“States that do not expand Medicaid will not receive the full benefit of the savings that will result from providing less uncompensated care,” Carter Price, the study's lead author and a mathematician at RAND, said in a news release. “Furthermore, these states will still be subject to the taxes, fees and other revenue provisions of the Affordable Care Act, without reaping the benefit of the additional federal spending, which will cost those states economically.”
Last June, the U.S. Supreme Court ruled that states could block the expansion of Medicaid under the ACA, which would provide health insurance to individuals and families who earn up to 138% of the federal poverty level.
As more people become eligible for Medicaid benefits under the law, the federal government will pay a larger share of Medicaid costs than it does now. The federal government currently pays about 57% of the total cost of Medicaid nationally. But under the expansion, the feds would cover 100% of those costs from 2014-2106, dropping gradually to 90% of costs in 2020.
According to the RAND study, the states' share of the cost of expanding Medicaid would be lower than the costs of providing uncompensated care to their uninsured residents. “Choosing not to expand Medicaid may turn out to be the more-costly path for state and local governments,” Price said in the release.
RAND is not the only organization to conclude that expanding Medicaid may be more cost-effective for states.
In North Carolina last month, more than 200 hospital leaders, led by Laura Easton, chair of the North Carolina Hospital Association, met to encourage Republican Governor Pat McCrory and the state's Republican-controlled legislature to reconsider healthcare funding policies, including their opposition to expanding Medicaid.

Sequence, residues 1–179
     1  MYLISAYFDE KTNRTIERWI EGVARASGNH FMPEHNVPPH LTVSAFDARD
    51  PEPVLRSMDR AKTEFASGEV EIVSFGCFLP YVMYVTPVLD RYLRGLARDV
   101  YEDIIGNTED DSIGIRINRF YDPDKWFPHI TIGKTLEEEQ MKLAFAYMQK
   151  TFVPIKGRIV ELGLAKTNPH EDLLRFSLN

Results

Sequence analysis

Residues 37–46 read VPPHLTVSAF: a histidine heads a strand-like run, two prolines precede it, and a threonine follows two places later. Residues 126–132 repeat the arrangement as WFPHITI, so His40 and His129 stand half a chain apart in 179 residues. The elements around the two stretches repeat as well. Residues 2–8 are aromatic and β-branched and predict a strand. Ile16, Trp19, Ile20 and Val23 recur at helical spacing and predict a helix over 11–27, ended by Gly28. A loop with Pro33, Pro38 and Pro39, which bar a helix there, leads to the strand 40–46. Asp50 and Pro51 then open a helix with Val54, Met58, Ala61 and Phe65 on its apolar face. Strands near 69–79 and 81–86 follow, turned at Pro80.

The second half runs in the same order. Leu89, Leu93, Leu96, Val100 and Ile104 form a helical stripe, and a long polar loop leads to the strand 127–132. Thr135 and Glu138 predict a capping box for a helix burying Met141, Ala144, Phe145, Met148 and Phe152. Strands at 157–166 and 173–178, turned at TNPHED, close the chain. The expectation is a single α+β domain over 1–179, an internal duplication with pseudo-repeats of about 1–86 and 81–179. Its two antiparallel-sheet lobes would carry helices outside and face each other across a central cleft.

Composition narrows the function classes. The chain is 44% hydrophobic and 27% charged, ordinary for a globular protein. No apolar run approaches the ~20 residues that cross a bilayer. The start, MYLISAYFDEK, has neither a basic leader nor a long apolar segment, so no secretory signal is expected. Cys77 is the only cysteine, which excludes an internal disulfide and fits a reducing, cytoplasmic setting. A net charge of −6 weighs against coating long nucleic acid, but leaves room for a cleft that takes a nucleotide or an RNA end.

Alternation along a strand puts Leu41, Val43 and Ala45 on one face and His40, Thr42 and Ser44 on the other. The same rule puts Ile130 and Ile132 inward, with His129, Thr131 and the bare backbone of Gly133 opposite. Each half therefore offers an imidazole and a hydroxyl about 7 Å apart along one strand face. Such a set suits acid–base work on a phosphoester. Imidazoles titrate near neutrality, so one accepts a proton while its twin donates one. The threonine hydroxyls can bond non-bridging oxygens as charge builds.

“Hospitals are working to adapt but may need to eliminate jobs, cut services or both in order to continue serving as the safety nets to our communities,” Easton said.
In Pennsylvania, the state's Independent Fiscal Office and the Pennsylvania Economy League both determined that Medicaid expansion would have a positive economic effect on the state. They found that $16.5 billion in federal payments would exceed by ten times the $1.64 billion cost to the state for the expansion. It's the kind of evidence that many state hospital associations, including Pennsylvania's, are pointing to as they continue to lobby their state governments on this issue.
“We continue to talk to the governor's office and legislators and hope they reach the conclusion we have reached about the economic effects,” Roger Baumgarten, director of media relations at The Hospital and Healthsystem Association said in an interview. “Our view is the governor is doing his due diligence. We've not heard the door slam on it just yet.”
Follow Rachel Landen on Twitter: @MHrlanden